Dave lives on the Camino and has for almost 10 years. He lives outside of Astorga with no water or electricity and few modern conveniences. He lives off the donations of pilgrims and in turn provides weary travelers with just about anything they might need. With the donated cash from pilgrims and food from locals Dave provides an oasis; a free store stocked with everything from bananas, oranges, cookies, tea and my favorite, yerba mate. His day consists of fetching water, managing his inventory of snacks and talking with pilgrims.

His simple lifestyle is extreme compared to mine. I spend my day doing what humans love to do-process information. As a teacher I try to turn information into bite-sized edibles that demand some kind of action. At home it’s more information processing looking at screens filled with soccer matches and Netflix’ series. Neil Postman had it right when he said that all information has become entertainment. The allure of consuming information is in direct conflict with actually “doing”. With screen time there is no “doing”, just more information processing.

A life of screens and information processing promotes a dysfunctional individualism at the expense of common values. When I’m “doing” something creative or constructive, I can’t fall into anomie or normlessness.  “Doing” demands participation and often engagement with others.

This is what Dave inspires. He provides a radical model of a life of service with limited information processing. It manifests in his energy; his embrace is an electrified calmness.

Modern life has become a walk between opposing truths of Doing vs Info Processing. We can’t really ignore either and still function in society. Dave walks at the extreme end of Doing and provides a mirror that makes everyone reflect on the lives we live.

 

*You can also think of the two ends of the spectrum as Physical vs Mental or Carbon vs Silicon or Real vs Virtual.

My Best Self-part 1

I was listening to the podcaster Tim Ferriss interview Scott Belsky today when they got on the topic of their “Best Self”. Scott mentioned that when things were going badly his confidence would wane and if things were going too well his ego would become an issue. It got me wondering when or where is my best self.

When I think of my “Best Self” I think of traveling. Traveling certainly gets me out of my info bubble and helps protect against what the French philosopher Durkheim calls anomie. Anomie is when I become the one and only test to my own reality. (Thanks to the late Dr. Don Briel from the theology department at the University of St. Thomas for that meme).  However, there are only certain types of traveling and certain places that qualify. Few places can change the way I think about the world. These are places where the social dynamic is different. It’s places where others, too, are experiencing their best selves.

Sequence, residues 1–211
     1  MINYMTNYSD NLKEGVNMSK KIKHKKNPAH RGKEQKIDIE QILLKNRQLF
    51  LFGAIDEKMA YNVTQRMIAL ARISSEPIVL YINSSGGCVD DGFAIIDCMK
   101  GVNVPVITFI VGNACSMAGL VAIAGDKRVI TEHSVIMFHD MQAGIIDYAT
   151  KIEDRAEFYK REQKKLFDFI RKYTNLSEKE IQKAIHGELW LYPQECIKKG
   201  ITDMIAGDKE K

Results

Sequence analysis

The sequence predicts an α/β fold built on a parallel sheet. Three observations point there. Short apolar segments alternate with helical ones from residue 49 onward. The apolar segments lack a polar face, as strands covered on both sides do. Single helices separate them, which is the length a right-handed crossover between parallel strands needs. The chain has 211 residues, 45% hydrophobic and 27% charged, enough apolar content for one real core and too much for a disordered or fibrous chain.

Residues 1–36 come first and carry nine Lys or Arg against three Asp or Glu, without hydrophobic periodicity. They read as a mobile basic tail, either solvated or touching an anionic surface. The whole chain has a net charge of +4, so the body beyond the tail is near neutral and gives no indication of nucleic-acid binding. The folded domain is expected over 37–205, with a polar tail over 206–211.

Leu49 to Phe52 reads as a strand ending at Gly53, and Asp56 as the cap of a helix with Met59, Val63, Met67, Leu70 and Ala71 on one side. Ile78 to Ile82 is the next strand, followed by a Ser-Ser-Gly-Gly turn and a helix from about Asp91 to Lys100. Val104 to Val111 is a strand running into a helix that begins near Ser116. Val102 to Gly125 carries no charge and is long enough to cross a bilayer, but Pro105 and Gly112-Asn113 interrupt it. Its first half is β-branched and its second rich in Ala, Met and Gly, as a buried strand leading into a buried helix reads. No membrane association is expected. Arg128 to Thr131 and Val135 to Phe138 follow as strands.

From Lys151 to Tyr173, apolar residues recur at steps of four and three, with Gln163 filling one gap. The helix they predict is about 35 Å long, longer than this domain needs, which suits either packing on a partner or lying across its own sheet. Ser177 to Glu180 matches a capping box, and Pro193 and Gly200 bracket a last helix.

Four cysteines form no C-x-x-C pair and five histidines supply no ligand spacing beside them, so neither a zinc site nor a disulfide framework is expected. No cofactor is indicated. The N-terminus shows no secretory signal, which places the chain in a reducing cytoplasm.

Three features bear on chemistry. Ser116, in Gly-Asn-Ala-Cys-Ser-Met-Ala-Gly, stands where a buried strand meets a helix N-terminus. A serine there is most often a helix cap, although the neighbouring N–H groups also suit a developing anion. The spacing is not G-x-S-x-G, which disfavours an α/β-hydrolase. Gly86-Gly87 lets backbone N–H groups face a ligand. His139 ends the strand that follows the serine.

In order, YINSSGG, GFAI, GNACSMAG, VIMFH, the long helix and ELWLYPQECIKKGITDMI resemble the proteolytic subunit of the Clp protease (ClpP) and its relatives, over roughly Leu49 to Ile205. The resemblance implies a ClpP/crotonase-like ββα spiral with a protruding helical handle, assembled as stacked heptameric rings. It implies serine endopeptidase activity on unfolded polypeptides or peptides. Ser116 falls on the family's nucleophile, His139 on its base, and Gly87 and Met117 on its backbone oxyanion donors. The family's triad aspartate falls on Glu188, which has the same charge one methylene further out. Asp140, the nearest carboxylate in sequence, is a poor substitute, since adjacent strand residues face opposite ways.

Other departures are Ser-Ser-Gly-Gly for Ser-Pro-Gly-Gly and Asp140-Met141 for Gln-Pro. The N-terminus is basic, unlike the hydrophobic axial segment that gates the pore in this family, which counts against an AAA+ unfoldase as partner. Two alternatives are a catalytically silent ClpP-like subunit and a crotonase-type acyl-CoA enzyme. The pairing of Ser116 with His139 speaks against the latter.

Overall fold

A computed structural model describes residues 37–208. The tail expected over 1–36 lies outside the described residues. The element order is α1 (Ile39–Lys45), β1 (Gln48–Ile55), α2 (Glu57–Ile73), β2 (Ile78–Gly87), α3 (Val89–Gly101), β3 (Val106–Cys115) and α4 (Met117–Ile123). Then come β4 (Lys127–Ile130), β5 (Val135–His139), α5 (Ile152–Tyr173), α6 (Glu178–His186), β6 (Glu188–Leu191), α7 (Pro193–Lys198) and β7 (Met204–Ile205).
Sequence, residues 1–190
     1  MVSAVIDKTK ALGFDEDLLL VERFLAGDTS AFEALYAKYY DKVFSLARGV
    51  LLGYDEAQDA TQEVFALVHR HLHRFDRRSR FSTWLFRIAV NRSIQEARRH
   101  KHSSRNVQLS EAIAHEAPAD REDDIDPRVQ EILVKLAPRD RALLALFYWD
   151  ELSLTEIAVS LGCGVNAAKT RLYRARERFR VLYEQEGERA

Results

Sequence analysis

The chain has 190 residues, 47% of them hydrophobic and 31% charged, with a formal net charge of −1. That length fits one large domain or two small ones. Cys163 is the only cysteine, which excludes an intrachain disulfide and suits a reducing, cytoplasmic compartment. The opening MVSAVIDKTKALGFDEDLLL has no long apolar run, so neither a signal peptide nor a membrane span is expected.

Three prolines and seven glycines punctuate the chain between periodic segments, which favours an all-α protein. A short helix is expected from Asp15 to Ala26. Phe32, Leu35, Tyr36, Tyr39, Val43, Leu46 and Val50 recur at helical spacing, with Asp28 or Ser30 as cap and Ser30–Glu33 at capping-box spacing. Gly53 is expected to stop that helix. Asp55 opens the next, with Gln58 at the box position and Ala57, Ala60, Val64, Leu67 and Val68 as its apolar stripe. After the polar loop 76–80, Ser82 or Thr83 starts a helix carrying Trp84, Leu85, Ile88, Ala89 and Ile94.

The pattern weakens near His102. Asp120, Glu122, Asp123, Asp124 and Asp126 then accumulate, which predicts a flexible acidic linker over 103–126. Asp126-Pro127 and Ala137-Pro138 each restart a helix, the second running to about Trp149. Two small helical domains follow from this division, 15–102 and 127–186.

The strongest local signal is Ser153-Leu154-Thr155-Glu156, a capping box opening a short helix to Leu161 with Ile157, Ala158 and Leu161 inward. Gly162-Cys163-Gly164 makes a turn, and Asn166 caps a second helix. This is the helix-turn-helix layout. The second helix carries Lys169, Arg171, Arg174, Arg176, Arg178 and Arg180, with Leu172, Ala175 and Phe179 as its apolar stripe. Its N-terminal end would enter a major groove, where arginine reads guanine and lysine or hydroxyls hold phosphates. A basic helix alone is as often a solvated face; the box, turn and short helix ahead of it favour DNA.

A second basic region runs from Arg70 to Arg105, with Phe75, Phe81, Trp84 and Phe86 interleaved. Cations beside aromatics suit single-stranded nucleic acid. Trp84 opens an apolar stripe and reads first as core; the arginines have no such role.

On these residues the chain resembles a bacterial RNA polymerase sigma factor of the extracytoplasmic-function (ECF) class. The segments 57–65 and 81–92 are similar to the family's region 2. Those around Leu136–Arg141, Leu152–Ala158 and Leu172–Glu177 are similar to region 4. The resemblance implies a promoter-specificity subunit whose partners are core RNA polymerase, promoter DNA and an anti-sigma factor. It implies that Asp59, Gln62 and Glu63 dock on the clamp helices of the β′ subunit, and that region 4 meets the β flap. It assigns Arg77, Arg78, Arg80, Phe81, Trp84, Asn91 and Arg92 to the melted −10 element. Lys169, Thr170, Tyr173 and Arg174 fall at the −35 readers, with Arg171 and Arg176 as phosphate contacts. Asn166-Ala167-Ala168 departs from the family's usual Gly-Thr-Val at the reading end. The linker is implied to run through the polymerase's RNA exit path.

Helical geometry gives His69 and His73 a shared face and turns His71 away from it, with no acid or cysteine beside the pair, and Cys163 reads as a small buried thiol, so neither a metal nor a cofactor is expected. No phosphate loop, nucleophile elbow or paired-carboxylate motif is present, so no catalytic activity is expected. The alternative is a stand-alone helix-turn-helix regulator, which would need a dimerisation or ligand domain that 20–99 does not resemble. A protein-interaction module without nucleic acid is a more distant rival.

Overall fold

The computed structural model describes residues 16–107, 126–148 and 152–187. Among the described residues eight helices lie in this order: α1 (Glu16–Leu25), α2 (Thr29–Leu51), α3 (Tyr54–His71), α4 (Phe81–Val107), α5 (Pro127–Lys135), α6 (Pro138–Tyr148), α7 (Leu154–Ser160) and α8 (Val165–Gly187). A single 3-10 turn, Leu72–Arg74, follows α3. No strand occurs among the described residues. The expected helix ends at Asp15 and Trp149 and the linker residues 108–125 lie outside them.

For me it’s a short list: Ragbrai-the bike ride across Iowa, Blue Skies music festival in Ontario, and the Camino de Santiago. All of these places have a different vibe, a place where you can start conversations with anyone because everyone around you has an open and exploratory mind.  

Let’s face it: I can’t acknowledge everyone I pass on the street, the homeless people at intersections, or all the people I know in a hallway of a school of 1000 students. Filtering is ignoring and its necessary to get through the day.  I have lost something being part of “modern society” with all its misanthropic demands.

The places I mentioned are not really places rather experiences: of biking, walking or listening to music. Simple and in a sense, goalless.  I and others are attracted to these places because everyone is a valued part of the experience. Waiting in line for a pork chop at Ragbrai is just another opportunity to have another conversation. When I sit down for an espresso on the Camino, I greet the person sitting next to me, and we may end up talking about our lives and what brought us here.

On my next post, Part 2, I will get further into anomie and the problems of our modern, connected society. I will look at how to fashion my best self while facing the modern dilemma of “information processing” versus “doing”. In the meantime I’d love to hear from you about the unique places that allows for your “Best Self”. Send me yours or just add them in the comment section. Cheers, Paul

(In order to frame this discussion, I want to focus on places where people are strangers, not family reunions, camps or other places where people know each other.)